Lord Auckland was then Governor-General of India, but the period of his tenure of office was drawing to a close. He hoped it would end brightly, that the war for the restoration of an imbecile and puppet king would have ended triumphantly, and that he would return to his native land bearing something of the reflected glory of the conquerers of Afghanistan. He had been cheered by the dispatches of the too sanguine envoy in the month of October, who spoke only of the continued tranquillity of Cabul. November passed, however, without any intelligence, and all was anxiety and painful suspense. Intelligence at last came confirming the worst anticipations. Calcutta was astounded at the news that Afghanistan, believed to be prosperous and grateful for British intervention, was in arms against its deliverers. Suddenly the tranquillity of that doomed country was found to be a delusion. " Across the whole length and breadth of the land the history of that gigantic lie was written in characters of blood." Confounded and paralysed by the tidings of so great a failure, which he had not energy to retrieve, he thought only of abandoning the vicious policy of aggression which had ended so miserably, and given such a terrible blow to the prestige of British power in India, on which our dominion in the East so much depended. He had owed his appointment to the Whigs; and the Conservatives, who were now in office, had opposed the policy of the Government regarding the Afghan war. But no one seemed more sick of the policy of aggression than the Governor-General himself. He became thoroughly convinced of the folly of placing a detached force in a distant city, which could be reached only through dangerous defiles, occupied by an ever-watchful enemy, depending for supplies upon uncertain allies, and without any basis of operations. The expedition had proved enormously expensive, and had drained the Indian treasury of funds which should have been employed in developing the resources of our Indian possessions. When all this had ended in disastrous failure and national disgrace - when he recollected that the directors of the Company, as well as the Government, had expressed intense dissatisfaction at his policy, feeling conscious that their complaints were just, and that their worst forebodings had been realised, his spirit seems to have been completely broken; instead of any attempt at retrieving the misfortunes of his Government, he thought only of saving, if possible, what remained of the forces that he had sent across the Indus. Writing to the Commander-in-chief, Sir Jaspar Nicolls, who was then on a tour through the Upper Provinces of India, with reference to the sending forward of reinforcements, he said he did not see how the sending forward of a brigade could by possibility have any influence on the events which it was supposed were then passing at Cabul, which they could not reach before April. In his opinion they were not to think of marching fresh armies to the re-conquest of that which they were likely to lose. He feared that safety to the force at Cabul could only come from itself. Writing to Sir W. Macnaghten, he said, "I would have you share in the feeling which is growing strongly upon me, that the maintenance of the position which we have attempted to establish in Afghanistan is no longer to be looked for. It will be for you and for this Government to consider in what manner all that belongs to India can be most immediately and most honourably withdrawn from the country." The Commander-in-chief himself had been always of opinion that the renewed efforts of the Govern- ment to support Shah Sujah on his throne, and to establish a permanent influence in Afghanistan, was a great mistake. However, owing to the energy of Mr. George Clarke, the Governor-General's agent on the north-west frontier, and his assistant, Captain, afterwards Sir Henry Lawrence, forces were dispatched from that quarter, under the command of General Pollock, who had commanded the garrison of Agra, having been in the Indian service since 1803, and having distinguished himself under General Lake. This appointment gave the greatest satisfaction, as it was believed that he was selected solely for his merit, and not through aristocratic influence. It was certainly one of the best appointments that could have been made, as no officer in India possessed in a higher degree the qualifications necessary for the command of the expedition at a moment so critical, when our power in India was in jeopardy, and a further continuance of disaster might have too severely tried the fidelity of our native troops on this side of the Indus.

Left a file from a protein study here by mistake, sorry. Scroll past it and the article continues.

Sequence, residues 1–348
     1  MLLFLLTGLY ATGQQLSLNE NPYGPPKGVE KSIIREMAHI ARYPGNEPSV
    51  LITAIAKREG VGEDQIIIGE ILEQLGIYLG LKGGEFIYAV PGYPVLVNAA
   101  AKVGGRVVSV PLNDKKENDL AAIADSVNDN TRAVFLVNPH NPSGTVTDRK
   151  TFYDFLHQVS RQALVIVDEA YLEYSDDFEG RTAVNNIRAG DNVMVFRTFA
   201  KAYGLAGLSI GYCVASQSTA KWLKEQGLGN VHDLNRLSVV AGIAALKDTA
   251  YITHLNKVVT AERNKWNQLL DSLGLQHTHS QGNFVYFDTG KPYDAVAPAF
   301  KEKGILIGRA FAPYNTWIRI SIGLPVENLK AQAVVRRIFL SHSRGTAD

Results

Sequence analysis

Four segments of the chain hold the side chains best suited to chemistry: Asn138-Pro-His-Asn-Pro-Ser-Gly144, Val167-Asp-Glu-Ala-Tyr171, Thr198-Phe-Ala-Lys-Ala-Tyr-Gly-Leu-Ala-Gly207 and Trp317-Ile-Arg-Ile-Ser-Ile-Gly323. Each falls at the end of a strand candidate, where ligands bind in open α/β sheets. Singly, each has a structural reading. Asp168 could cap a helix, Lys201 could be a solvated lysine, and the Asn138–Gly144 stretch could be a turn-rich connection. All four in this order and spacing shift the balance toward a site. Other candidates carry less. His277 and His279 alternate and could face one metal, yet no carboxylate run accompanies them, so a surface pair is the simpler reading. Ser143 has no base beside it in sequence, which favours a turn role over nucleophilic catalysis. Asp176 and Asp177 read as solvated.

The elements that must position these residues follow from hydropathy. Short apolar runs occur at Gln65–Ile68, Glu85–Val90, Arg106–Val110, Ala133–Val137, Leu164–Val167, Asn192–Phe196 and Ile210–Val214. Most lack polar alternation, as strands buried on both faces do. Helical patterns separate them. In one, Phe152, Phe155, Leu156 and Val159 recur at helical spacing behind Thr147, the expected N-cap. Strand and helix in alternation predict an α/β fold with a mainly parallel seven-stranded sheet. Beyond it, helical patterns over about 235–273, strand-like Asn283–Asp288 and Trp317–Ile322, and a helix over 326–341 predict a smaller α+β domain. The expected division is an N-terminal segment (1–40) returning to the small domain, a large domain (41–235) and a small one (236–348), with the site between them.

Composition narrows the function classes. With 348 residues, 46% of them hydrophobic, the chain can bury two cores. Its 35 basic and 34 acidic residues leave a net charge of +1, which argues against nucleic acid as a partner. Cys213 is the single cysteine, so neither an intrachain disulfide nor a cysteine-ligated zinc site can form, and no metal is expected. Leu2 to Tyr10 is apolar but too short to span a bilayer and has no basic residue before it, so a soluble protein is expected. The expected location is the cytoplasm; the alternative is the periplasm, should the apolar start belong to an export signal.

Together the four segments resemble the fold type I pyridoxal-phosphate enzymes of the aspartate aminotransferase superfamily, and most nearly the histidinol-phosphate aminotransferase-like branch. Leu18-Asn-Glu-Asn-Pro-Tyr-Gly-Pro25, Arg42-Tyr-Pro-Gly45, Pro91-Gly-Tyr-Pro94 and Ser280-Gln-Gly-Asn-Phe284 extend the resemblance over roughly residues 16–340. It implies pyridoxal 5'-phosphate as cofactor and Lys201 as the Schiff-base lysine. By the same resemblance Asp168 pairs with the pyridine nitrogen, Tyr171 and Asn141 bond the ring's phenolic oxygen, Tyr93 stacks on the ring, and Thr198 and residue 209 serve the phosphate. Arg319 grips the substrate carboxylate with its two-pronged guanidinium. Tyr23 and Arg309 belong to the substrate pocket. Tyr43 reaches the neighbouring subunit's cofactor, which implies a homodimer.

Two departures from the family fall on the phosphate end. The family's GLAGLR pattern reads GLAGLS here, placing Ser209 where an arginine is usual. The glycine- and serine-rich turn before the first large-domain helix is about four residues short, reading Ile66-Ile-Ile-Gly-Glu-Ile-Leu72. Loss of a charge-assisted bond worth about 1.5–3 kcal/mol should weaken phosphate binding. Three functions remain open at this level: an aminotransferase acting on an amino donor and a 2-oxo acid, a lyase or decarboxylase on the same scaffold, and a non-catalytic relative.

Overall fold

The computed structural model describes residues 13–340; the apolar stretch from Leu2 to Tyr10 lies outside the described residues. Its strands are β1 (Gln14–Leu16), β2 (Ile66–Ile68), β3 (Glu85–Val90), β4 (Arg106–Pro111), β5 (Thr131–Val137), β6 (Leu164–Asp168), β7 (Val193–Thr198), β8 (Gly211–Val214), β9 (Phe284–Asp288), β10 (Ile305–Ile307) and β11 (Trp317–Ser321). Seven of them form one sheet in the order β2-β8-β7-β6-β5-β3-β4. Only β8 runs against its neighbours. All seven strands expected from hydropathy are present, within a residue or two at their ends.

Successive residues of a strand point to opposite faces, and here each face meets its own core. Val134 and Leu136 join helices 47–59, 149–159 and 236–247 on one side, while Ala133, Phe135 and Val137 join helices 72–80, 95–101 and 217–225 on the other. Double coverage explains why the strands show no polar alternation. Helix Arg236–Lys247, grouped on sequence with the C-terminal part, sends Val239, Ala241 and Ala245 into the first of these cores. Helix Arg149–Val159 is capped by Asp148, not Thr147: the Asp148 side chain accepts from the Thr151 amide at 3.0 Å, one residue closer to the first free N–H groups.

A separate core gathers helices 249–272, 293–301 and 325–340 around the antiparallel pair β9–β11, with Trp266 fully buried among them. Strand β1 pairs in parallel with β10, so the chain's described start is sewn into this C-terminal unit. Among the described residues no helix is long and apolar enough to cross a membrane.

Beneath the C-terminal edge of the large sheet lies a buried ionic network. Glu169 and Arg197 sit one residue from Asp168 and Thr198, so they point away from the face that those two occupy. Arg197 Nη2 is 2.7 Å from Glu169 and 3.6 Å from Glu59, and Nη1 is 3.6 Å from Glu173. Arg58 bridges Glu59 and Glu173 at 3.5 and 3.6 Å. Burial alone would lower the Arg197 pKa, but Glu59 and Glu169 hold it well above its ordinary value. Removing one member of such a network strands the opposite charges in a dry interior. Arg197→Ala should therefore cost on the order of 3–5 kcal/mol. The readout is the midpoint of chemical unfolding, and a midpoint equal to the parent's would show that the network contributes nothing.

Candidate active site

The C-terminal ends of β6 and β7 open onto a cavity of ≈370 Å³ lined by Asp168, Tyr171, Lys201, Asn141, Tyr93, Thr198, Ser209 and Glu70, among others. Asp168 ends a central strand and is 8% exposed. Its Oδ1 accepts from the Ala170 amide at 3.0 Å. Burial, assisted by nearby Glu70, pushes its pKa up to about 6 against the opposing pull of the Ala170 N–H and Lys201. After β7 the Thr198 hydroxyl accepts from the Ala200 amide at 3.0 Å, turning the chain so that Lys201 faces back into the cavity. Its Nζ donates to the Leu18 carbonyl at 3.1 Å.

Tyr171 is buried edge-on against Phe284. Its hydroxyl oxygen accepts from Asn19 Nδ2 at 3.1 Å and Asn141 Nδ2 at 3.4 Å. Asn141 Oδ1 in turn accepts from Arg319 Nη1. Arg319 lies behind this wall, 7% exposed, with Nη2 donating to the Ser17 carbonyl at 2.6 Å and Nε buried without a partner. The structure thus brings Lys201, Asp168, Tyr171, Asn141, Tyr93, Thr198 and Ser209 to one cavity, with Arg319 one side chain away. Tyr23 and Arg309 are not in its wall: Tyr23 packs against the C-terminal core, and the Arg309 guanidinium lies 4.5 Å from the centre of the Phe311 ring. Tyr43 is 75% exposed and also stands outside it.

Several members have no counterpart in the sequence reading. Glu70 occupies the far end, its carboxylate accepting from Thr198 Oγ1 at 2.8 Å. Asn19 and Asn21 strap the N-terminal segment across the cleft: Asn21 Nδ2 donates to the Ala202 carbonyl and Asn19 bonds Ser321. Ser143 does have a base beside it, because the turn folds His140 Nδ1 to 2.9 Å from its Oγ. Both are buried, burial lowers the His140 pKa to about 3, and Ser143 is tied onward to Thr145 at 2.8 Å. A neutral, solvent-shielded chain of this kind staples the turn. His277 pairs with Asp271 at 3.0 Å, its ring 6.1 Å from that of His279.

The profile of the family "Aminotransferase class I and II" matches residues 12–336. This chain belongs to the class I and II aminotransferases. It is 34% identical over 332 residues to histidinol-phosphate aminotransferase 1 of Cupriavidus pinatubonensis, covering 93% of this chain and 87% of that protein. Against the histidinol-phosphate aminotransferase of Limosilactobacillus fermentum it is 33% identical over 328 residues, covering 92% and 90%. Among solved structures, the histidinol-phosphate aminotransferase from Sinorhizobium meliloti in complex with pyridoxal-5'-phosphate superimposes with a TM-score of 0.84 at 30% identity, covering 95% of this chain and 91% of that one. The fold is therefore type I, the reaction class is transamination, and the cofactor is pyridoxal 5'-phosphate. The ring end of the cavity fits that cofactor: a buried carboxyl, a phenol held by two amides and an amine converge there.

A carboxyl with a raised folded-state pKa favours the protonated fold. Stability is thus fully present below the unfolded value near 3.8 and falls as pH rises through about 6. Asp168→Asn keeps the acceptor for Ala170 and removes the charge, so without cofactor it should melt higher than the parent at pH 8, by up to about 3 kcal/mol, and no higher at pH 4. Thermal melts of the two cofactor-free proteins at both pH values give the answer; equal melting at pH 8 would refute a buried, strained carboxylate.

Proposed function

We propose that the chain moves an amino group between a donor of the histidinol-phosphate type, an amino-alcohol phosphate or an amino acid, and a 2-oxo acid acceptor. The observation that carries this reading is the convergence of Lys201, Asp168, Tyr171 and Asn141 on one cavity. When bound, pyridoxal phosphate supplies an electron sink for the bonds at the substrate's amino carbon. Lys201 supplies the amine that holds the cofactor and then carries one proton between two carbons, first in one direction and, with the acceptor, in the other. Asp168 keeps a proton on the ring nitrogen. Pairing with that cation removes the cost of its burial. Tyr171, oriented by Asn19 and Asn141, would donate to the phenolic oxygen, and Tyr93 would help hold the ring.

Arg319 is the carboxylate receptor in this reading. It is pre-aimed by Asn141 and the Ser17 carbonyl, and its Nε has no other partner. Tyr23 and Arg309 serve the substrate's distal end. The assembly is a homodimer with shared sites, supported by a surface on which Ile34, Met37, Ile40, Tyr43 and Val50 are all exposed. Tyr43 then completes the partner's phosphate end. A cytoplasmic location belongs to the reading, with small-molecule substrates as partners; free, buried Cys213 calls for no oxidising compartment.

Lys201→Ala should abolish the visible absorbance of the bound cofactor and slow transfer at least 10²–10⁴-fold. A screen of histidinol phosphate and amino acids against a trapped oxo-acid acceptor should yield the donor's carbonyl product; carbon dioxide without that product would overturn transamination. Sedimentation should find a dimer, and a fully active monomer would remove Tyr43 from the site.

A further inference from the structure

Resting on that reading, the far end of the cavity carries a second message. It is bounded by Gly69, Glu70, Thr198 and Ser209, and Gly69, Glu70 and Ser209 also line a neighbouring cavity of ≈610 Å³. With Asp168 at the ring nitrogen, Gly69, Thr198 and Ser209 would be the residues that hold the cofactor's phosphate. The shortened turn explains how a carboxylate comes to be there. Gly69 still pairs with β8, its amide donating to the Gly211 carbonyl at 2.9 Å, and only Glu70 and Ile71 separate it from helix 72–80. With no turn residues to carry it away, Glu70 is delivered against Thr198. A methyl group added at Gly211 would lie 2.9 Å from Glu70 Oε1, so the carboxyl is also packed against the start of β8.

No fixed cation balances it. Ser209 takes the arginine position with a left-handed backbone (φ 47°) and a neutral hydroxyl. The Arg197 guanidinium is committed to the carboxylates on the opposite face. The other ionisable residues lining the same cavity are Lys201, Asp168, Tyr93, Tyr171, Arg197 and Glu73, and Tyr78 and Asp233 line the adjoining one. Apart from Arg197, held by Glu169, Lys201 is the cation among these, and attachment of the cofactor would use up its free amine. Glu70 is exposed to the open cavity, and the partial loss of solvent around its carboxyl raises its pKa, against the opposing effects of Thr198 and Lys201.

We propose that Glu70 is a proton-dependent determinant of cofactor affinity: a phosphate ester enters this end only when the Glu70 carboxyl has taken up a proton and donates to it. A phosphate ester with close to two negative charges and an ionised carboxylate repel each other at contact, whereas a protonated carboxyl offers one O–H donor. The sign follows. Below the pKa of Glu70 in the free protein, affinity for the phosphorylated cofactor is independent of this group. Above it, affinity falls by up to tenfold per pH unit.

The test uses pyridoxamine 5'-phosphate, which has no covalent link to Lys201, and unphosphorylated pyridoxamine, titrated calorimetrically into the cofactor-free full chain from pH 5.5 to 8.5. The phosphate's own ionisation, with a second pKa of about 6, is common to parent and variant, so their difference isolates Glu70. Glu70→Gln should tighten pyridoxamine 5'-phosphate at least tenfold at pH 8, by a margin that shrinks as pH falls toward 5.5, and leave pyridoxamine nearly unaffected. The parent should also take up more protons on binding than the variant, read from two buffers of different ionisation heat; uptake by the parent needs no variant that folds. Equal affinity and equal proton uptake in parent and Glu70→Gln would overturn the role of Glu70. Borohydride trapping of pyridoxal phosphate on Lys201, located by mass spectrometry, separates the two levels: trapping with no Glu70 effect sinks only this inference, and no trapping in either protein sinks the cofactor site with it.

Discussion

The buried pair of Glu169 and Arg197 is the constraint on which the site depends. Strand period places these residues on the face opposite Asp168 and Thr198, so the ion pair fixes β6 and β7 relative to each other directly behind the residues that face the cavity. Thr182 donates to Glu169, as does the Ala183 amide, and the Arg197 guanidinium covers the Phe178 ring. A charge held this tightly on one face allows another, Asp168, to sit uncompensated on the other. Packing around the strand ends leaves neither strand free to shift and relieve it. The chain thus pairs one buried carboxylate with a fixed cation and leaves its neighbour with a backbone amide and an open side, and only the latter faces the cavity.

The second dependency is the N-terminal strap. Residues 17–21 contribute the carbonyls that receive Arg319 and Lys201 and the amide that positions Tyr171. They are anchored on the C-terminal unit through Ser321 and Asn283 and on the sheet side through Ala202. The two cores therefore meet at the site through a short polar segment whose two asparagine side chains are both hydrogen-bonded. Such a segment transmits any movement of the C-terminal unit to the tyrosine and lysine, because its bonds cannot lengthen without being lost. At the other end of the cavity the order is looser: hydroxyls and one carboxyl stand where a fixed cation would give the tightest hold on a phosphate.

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Pictures for Chapter LV, of Cassells Illustrated History of England, Volume 7 page 4

Daniel Webster
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Sir Robert Sale
Sir Robert Sale >>>>